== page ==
Wednesday, June 26, 2013

New alphas, a crash course

The new Materials feature has added in a number of new features- one being more control over alphas.  We've only been asking for the ability to use 1 bit alpha masks since....the introduction of the stupid alpha flicker issue so, that's, what, 7 years?  I don't even remember.  It's been a long time.  But we have them now, finally.

In the Texture panel in Build, there are more dropdowns and thingies now.  Right now, we are interested in Materials, Texture (diffuse).  Under that, Alpha mode, and the dropdown there gives us options, huzzah.  Note: make sure you've selected a texture face with an alpha (transparency).  No alpha, no options.

None just turns off the alpha channel, as if you uploaded a solid texture, no alpha channel at all.

Alpha blending is the default for textures with an alpha channel.  This means an 8 bit alpha mask, gradual alpha transparencies with gradients, the old potential alpha flicker issue.  They added an option in the Develop menu that would turn this "off" (make them 1 bit) for all alphas that were also set to 0% transparency a few viewer iterations ago, Develop>Rendering>Automatic Alpha Masks (non-deferred).  THAT IS STILL THERE.  THIS CAN SCREW STUFF UP.  If that is checked, which it appears to still be by default, even if you have it SET to use 8 bit transparency, it won't- if it doesn't feel like it.  Here's the fun part, kids, it used to always just set it to 1 bit, now it seems to decide for you, and it may not decide the way you want to.  To force it to use 8 bit transparency, up the Transparency % to 1%.  It's such a small bit you won't see it, but it will force it to use the alpha properly.  Why is this a deal?  Because any gradual transparencies will no longer be gradual.  It will be on or off, sharp edges, no transparent glass or soft edges or shadows- when it decides you shouldn't have them.  This is also a deal because it's set on the viewer side, NOT server side- so while you can set it in your viewer to show things the way you want, that doesn't guarantee what other people will see.  And because it's viewer side, there's no way to really know where the cutoff is for everyone (especially once you get into the whole mac vs. windows vs. linux thing).  Bright side?  It does actually seem to be smart about it now, whereas before it just destroyed everything.

But!  Now we have another problem.  Full bright no longer consistently works on alpha blended textures- even ones the deferred rendering makes solid.  For some people, it is never full bright, ever.  For me?  It is sometimes, and then not others, which is extra fun!  Generally it is renders fullbright to begin with (but doesn't even always start out full bright), it will cease to once I select it, and stay that way until I reload the object entirely (tp out and back in, relog, etc.- toggling the Automatic Alpha Masks also seems to go back and forth between full bright and not, turning non-deferred on kills full bright).  If you have alpha cutout vendors, this is a problem.  One that you will want to fix by using Alpha masking instead- but you sacrifice all gradual transparencies once you use that.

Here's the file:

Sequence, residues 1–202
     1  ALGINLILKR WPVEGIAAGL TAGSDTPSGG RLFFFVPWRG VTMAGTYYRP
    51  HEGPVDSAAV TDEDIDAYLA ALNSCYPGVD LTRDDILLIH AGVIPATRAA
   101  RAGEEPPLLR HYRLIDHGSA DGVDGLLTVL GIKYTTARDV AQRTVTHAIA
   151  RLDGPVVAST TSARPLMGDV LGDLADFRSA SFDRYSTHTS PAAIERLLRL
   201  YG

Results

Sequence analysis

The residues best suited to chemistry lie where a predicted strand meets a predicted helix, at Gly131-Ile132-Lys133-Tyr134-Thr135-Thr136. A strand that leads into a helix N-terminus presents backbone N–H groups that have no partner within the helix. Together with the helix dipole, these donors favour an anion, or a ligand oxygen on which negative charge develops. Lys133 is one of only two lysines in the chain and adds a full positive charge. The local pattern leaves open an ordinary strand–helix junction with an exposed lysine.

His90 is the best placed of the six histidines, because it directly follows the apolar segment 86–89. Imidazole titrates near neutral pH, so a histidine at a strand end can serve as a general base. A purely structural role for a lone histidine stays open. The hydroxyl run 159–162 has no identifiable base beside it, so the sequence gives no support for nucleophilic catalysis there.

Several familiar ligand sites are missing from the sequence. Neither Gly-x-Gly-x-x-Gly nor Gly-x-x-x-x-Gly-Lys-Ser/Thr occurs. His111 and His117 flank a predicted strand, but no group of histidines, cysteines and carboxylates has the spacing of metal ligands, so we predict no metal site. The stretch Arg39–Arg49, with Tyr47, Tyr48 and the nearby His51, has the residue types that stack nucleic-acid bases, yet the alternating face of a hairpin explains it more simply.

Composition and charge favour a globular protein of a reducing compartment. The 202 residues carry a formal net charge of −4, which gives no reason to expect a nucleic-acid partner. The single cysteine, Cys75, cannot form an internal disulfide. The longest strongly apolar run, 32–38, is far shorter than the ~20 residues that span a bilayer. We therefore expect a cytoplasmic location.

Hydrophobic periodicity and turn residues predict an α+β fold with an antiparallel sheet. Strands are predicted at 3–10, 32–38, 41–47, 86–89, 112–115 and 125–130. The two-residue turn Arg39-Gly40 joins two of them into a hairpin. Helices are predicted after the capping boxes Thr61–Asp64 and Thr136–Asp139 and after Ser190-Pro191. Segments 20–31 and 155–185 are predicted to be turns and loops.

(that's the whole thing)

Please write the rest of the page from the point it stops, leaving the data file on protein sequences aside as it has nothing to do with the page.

Alpha masking is 1 bit transparency.  This means everything is on/off, no gradient transparency.  Thankfully, it isn't entirely pixel by pixel based, but will smooth out your angled lines on the cuts- just like Automatic Alpha Masks (non-deferred).  Things that already used this are the avatar- alpha masks, and the edges of the system skirt when you had anything with a transparency- and system plants.  Upside to this?  No more alpha flicker!  That's why we've wanted it forever!  Also it's a little easier on the system in general, so it's a good idea to use it if you can get away with it anyway, but your alpha edges will be harsher, and smoothed angles still may not be actually straight, but may be lumpy.  Still, full bright with alpha masking seems to work properly for everyone!

There is a slider under Alpha masking for Mask cutoff.  This defaults to 0.  Defaulting to 0 is stupid.  That is just the same as setting it to None for the Alpha mode, it's solid.  What you will almost always want is 127, that is the center of the range.  Lower means more will be solid, higher means less will- if you have a haloing problem with your alphas, you'll probably want to set that number higher, possibly as close to 255 as you can without moth eating chunks in the middle unevenly.  And you'll want to learn ways to avoid that haloing issue, see my previous post for some tips on that (though for solid cutouts, which is what you need here, taking pictures huge with antialiasing off, and shrinking after you've cut them out from the background will work, so long as you fill the empty background with something like the solidify filter with your alpha channel in an actual channel).

The last option is Emissive mask.  This also turns your texture entirely solid.  Full bright also completely destroys this option, because what it does is choose WHAT to make full bright.  The solid parts of your texture will be fullbright- the transparent parts will be rendered with the surrounding lighting!  It does not do gradual transparencies well/at all, and you can't adjust what it sees as solid/bright, so make sure you have a VERY clean mask before using.  This and None are the least backwards compatible- it will just show the regular alphaed out texture if you are using a viewer without materials, both currently show no alpha, but also no emissive fullbright area, on a materials viewer with Advanced Lighting Model off.

1 comment:

Tiffy Vella said...

One very satisfying thing I found to do with this is to fix the existing (moddable) trees in my garden. The alpha masking with 127 cutoff works well on some of the older trees already out there, and it's great to be able to remove the alpha fighting between the crossed-over leaves.